YOKOHAMA–An engineer from IBM Japan watched sixth graders of Hikijidai Primary School in Yamato, Kanagawa Prefecture, in mid-December, as they cheered on a robot running along a length of tape stretched on the floor of the school gym.”Stop!” shouted the children, squealing with delight when the robot made of toy blocks stopped right at the end of the tape.The engineer, Motomasa Toma, 34, was one of 10 volunteers the company sent to the school that day as a guest lecturer.The lesson, developed by the company, is called Robolab. A problem-solving workshop, it is aimed at creating computer programs to control the movement of a robot so that it operates according to the programmer’s wishes.The company started the year-long workshop in 2006, emulating Engineers’ Week that takes place every February in the United States to encourage children to take an interest in math, science and technology through various events. Engineers’ Week began in 1951 and is now joined by more than 75 groups of academics and engineers and more than 50 corporations and government institutions every year.”You can do it, so don’t give up till the end,” Toma told the children. The engineer who works in the company’s services department.”I want the children to experience the joy of achieving a goal through perseverance,” Toma said after the class.”IBM should be a good corporate citizen,” the company’s founder, Thomas Watson, once said. Acting in this spirit, educational contributions have become the pillar of IBM’s corporate social responsibility program. The company’s program covers a wide range of subjects, including science, the environment, English and career guidance.”It’s our employees’ volunteer work that drives our programs,” said Aki Tsukamoto, the company’s social contribution program manager. “Nearly 50 percent of the employees have registered for volunteer network.”The 10 guest lecturers who visited the primary school in December used their paid holidays to volunteer. ….The guest lecturers’ classes also offer teachers an opportunity to see another side of the children.”They’re the kind of lessons we can’t give the students ourselves because we have neither the know-how or the equipment,” said Mayumi Ikeda, 48, the children’s homeroom teacher. “I’m glad I was able to see another side of the children. Even those who tend to easily give up, saying they can’t understand this or that, tried again and again this time with delight in their eyes.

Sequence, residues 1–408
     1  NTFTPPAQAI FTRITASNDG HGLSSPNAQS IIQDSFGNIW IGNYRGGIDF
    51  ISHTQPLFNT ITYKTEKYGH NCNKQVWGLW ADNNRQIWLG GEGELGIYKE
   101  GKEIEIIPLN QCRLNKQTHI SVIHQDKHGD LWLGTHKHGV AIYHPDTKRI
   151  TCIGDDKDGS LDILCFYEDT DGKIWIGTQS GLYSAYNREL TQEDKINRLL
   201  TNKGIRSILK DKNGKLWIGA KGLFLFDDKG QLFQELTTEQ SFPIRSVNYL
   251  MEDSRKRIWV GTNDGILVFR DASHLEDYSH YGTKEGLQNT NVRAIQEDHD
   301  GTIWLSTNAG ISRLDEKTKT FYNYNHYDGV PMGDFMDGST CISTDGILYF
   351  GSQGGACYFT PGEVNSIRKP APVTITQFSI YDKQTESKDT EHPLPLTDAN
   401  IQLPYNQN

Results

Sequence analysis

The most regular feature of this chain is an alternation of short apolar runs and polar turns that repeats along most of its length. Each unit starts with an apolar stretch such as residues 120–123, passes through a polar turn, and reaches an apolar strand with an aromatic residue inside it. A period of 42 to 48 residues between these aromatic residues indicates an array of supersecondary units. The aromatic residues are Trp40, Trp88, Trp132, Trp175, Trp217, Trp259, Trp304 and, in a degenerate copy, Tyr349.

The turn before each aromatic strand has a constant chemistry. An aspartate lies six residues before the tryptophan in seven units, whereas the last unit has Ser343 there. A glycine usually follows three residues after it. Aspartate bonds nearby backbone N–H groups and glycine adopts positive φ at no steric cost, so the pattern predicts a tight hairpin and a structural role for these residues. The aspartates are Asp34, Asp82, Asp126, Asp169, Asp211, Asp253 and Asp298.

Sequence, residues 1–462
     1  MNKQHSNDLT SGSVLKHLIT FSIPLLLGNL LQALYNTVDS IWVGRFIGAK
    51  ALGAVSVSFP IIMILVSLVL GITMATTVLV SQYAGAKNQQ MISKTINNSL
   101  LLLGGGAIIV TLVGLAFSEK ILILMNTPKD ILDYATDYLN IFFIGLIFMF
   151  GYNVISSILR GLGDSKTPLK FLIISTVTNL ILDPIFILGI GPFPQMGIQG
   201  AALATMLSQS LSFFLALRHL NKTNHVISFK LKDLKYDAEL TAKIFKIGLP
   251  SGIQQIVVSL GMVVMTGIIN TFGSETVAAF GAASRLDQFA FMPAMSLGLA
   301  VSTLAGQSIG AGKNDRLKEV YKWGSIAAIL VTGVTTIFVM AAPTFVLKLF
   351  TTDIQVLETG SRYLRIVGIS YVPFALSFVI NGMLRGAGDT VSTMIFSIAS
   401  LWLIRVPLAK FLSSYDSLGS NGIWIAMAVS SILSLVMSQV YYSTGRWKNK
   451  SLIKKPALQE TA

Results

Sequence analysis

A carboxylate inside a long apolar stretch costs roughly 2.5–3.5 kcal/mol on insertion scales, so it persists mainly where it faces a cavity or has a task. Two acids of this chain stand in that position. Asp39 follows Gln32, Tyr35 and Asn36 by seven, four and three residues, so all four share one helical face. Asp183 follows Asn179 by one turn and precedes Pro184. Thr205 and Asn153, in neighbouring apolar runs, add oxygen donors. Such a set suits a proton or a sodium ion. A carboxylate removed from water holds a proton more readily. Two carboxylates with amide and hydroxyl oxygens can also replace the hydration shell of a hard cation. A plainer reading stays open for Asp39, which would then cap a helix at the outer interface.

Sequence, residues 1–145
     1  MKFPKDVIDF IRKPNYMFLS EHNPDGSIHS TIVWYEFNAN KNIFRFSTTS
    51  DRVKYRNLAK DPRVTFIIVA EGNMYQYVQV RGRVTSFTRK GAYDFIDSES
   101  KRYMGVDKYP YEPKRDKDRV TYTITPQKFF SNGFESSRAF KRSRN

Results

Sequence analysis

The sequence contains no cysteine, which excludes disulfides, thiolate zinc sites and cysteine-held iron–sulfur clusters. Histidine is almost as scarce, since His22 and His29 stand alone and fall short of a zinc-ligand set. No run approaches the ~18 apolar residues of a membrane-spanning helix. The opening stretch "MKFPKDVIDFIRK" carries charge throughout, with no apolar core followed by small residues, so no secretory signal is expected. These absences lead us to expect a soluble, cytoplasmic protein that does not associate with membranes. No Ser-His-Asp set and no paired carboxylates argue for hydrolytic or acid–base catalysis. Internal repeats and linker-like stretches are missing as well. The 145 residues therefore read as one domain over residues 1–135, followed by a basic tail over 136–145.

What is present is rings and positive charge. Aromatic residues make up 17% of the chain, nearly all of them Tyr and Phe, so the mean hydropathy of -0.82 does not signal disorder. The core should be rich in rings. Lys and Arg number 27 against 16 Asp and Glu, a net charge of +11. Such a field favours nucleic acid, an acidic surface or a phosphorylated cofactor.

“Ishihara agrees with Nagoya mayor’s Nanjing massacre denial (JAPAN TODAY, Feb. 25, 2012)
LIFELINES Ill-prepared schools put returner, family in tough spot By ASHLEY THOMPSON Feb. 21, 2012According to this JT article, following a scandal involving a JET teacher and a local BOE, an “entire city was blacklisted by JET in the aftermath of the dispute and would never again receive new teachers from the program” see
By PATRICK BUDMAREnglish teachers on the JET program are often faced with the bittersweet moment when they realize their contract is ending and they will soon be returning to their home country.
FEB. 26, 2012TOKYO —Reconstruction minister Tatsuo Hirano on Saturday met a delegation of six school children from the tsunami-hit Tohoku area. The six students were selected from 60 applicants in Rikuzentakata and Yamada town in Iwate Prefecture, and Ishinomaki in Miyagi Prefecture. The children handed Hirano a petition calling for the government to include the opinions of young people in its reconstruction efforts, NHK reported.They asked that parks have disaster-prevention facilities, that temporary housing be removed from school grounds and that the pace of debris cleanup be accelerated. Hirano replied that his agency would do its best to reflect the opinions of the students, NHK reported. He explained to them that the pace of debris removal has been slow because many local governments around Japan have refused to help with disposal due to radiation fears.The visit by the children follows a similar one last week by a student delegation that met with Prime Minister Yoshihiko Noda.